Sources for more info:

 

 

 

Advertisements

The Super Picky Eater

photo of a child disgusted with food

If you have a “typical” kid, just check out my basic overview of toddler nutrition. If you’re one of the 30 – 50% of parents of toddlers/preschoolers who would describe your child as a “picky eater” then check out and try my tips for picky eaters. But, if your kid is a whole other level of picky eater – where you’ve tried all those tips, and your kid still eats a very limited set of foods, then this post is for you.

And I’m here in solidarity with you! I could easily make a list for you of all the foods my 8 year old is willing to eat. And they’re specific – I can’t say he eats yogurt. I can say he eats yoplait brand only and only these flavors: strawberry, strawberry-banana, and blueberry. When I say he eats chicken mcnuggets, I don’t mean any kind of breaded chicken product, I mean ONLY the ones from McDonald’s (or Wendy’s in a pinch).

And if you’re judging me for feeding my kid McNuggets, then here’s the thing – it’s the only meat he has ever put in his mouth in pretty much his entire life. And if you’re judging me for that, well, then you’ve never lived with a super picky eater, and this is not the post for you.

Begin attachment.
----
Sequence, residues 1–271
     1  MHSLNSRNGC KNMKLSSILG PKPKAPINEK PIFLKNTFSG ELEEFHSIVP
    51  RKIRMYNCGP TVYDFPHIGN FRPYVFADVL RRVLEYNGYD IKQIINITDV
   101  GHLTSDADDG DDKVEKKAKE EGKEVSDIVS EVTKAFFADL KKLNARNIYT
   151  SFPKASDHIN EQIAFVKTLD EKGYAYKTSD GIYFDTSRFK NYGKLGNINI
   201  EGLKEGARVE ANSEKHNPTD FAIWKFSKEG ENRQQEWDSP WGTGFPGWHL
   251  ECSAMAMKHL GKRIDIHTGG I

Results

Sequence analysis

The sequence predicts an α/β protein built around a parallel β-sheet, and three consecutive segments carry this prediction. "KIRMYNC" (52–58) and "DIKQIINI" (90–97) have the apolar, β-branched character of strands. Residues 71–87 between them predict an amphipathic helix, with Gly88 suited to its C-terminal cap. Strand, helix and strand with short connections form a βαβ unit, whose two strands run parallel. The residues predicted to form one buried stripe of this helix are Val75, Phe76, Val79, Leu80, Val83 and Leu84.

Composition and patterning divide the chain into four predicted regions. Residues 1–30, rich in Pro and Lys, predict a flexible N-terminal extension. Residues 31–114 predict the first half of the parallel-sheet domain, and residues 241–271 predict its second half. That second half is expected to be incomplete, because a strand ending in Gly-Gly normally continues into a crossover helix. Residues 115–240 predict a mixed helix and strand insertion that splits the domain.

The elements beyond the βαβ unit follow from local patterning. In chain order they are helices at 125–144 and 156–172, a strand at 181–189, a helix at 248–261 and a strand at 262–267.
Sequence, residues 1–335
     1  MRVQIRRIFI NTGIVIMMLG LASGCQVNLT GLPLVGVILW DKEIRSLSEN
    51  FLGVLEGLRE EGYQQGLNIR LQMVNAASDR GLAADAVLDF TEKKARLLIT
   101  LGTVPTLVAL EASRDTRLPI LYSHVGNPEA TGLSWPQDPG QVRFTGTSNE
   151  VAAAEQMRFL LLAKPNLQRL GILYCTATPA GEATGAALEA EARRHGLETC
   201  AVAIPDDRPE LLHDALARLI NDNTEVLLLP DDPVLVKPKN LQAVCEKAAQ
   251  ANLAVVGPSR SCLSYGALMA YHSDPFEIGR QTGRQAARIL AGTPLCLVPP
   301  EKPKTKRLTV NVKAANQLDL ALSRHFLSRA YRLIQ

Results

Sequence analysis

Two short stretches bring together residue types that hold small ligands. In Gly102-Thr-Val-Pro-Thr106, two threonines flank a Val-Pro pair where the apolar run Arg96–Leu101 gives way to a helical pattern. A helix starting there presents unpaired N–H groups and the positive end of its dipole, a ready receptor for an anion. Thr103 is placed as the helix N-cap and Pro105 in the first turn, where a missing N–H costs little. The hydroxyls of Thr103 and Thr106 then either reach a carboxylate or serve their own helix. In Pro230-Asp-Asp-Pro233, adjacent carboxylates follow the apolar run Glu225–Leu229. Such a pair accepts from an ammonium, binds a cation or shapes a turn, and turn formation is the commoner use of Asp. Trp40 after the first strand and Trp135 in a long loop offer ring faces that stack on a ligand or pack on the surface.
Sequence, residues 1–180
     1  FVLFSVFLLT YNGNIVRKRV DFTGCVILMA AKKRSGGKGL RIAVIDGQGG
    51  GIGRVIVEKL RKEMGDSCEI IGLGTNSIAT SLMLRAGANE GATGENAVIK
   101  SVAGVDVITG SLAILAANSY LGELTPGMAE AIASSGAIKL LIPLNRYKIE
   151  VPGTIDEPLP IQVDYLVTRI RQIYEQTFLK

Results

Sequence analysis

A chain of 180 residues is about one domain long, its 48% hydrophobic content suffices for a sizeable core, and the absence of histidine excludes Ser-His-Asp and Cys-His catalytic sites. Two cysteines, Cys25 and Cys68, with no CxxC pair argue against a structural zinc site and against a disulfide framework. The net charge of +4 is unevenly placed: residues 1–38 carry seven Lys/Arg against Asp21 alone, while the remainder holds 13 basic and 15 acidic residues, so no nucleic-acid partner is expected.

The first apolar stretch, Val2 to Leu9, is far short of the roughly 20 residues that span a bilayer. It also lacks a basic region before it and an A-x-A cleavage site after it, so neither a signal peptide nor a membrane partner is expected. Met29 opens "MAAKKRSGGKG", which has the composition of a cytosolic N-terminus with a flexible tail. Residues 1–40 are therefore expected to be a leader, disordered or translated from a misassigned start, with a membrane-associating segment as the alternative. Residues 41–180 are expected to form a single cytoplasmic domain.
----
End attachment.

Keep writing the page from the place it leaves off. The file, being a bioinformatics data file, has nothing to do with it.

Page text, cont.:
Why are some kids super picky?

There can be a wide variety of reasons. A child with an extremely strong sense of smell may be overloaded while eating – a child with a very limited sense of smell may not enjoy food. A child who had a traumatic experience with choking may be very hesitant to eat after that. Children who have food sensitivities may not be able to articulate them or understand them – they just know that sometimes they feel icky after they eat so they just eat less.

Many extreme picky eaters are either autistic, or have anxiety, or have sensory issues. Or like my son, they may have all three of these challenges.

This blog post, written by an autistic nine year old has given me the best insight into “The Reasons [They] Don’t Like to Eat.

“Sometimes I eat something and it tastes nice; it is the right color and it feels nice and soft in my mouth. But then some days I eat what you tell me is the same and it isn’t the same… I get upset. You ruined it. … You damage it if it has sauce or potatoes on it. Then it is not nugget skins, but some weird thing my brain does not know. So, all nuggets are dangerous. And I get scared again.”